When we look at the performance view, we can see that out of the 5 activities that are performed in parallel between the ‘Manage Test plans’ and the ‘Install in Test Environment’ milestones the ‘Quality Plan Approval’ and the ‘CSR Plan Approval’ steps take the longest time (see below).

Performance view for the fastest case (click to enlarge)

When we animate this single case, we see the parallel flows represented by individual tokens as well. For example, in the screenshot below, we can see that on Sunday 20 May the ‘Quality Plan Approval’ and the ‘CSR Plan Approval’ activities were still ongoing (see blue token in activity) while the other three activities had already been finished (see yellow tokens between activities).

Animation for the fastest case (click to enlarge)

In contrast, when we look at the slowest case in this project management process then we observe that the most time is spent in a later part of the process, namely the ‘Run Tests’ activity (see below).

Performance view for the slowest case (click to enlarge)

Tip: To view multiple parallel cases - still isolated from each other - next to each other, you can duplicate the case ID column in the source data and import your data again with the duplicated column configured as part of the activity name. You will then see the process maps for all the individual cases next to each other. Of course, this will be too big for all cases, but you can then again focus on a subset by filtering, e.g, 2 or 3 cases and look at them together.

This will provide you a relative comparison for the performance views. Furthermore, you can use the synchronized animation to compare the dynamic flow across the selected cases with a relative start time in the animation.

2. Import sequential view of the process

To completely “turn off” the parallelism in the process map, you can simply import your data set again and configure only one of your timestamps as a ‘Timestamp’ column. If you have only one timestamp configured, Disco always shows you a sequential view of your process. Even if two activities have the same timestamp they are shown in sequence with ‘instant’ time between them.

Looking at a sequential view of your process can be a great way to investigate the process map and the process variants without being distracted by parallel process parts. Furthermore, taking a sequential view can be a quick fix for a data set that has unwanted parallelism due to a data quality problem as shown above.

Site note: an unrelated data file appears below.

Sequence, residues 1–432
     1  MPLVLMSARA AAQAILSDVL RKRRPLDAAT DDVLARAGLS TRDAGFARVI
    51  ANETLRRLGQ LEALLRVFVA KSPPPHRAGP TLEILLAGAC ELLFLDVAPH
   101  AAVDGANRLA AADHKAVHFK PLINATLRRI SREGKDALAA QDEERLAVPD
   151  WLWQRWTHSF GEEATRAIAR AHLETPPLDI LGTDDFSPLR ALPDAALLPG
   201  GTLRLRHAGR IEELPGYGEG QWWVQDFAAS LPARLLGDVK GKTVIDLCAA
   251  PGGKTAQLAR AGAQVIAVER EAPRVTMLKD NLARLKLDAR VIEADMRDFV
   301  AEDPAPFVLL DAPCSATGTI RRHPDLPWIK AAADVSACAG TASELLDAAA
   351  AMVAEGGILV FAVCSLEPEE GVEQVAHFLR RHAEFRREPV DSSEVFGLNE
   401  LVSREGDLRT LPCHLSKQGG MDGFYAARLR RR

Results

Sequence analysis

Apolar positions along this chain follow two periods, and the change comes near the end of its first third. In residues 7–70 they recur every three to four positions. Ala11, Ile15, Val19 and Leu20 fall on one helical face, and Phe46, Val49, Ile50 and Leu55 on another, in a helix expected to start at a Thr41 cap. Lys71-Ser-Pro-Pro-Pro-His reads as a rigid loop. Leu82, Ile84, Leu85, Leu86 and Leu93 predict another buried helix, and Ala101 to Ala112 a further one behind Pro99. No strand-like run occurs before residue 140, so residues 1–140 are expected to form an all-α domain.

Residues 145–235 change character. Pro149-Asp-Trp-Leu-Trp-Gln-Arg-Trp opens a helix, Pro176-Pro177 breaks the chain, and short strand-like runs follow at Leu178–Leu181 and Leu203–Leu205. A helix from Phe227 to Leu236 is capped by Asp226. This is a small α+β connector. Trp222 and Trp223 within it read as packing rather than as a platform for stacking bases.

If we want to take a sequential view on the example Case 1 from the beginning of this article, we can choose either the ‘Start Timestamp’ or the ‘Complete Timestamp’ as a timestamp during the import step. Keep in mind that the meaning of the waiting times in the process map changes depending on which of the timestamps you choose.

For example, if only the ‘Start Timestamp’ column is configured as ‘Timestamp’ during the import step, then the resulting process map shows a sequential view of the process for Case 1. Because there is only one timestamp per activity, the activities themselves have no duration (shown as ‘instant’). The waiting times reflect the times between the start of the previous activity until the start of the following activity (see below).

Sequential view of Case 1 based on start timeststamps (click to enlarge)

In contrast, when the ‘Complete Timestamp’ column is chosen as the timestamp then the waiting times will be shown as the durations between the completion times of the activities (see below).

Sequential view of Case 1 based on end timeststamps (click to enlarge)

So, keep this in mind when you interpret the performance information in your sequential process map after importing the data again with a single timestamp. 1

To sum it up, parallel processes can cause headaches due to their increased complexity quite quickly. Try the two strategies above and don’t forget to also apply the regular simplification strategies to explore what helps best to give you the most understandable view. For example, looking at different process phases of the process in isolation and taking a step back by focusing on the milestone activities can be really useful. All these strategies can also be combined with each other.

  1. Note that the order of the events in a case - and, therefore, the variants - might change when you change the import perspective from ‘start’ timestamp to ’end’ timestamp (or the other way around) as well. ↩︎

Anne Rozinat

Anne Rozinat

Market, customers, and everything else

Anne knows how to mine a process like no other. She has conducted a large number of process mining projects with companies such as Philips Healthcare, Océ, ASML, Philips Consumer Lifestyle, and many others.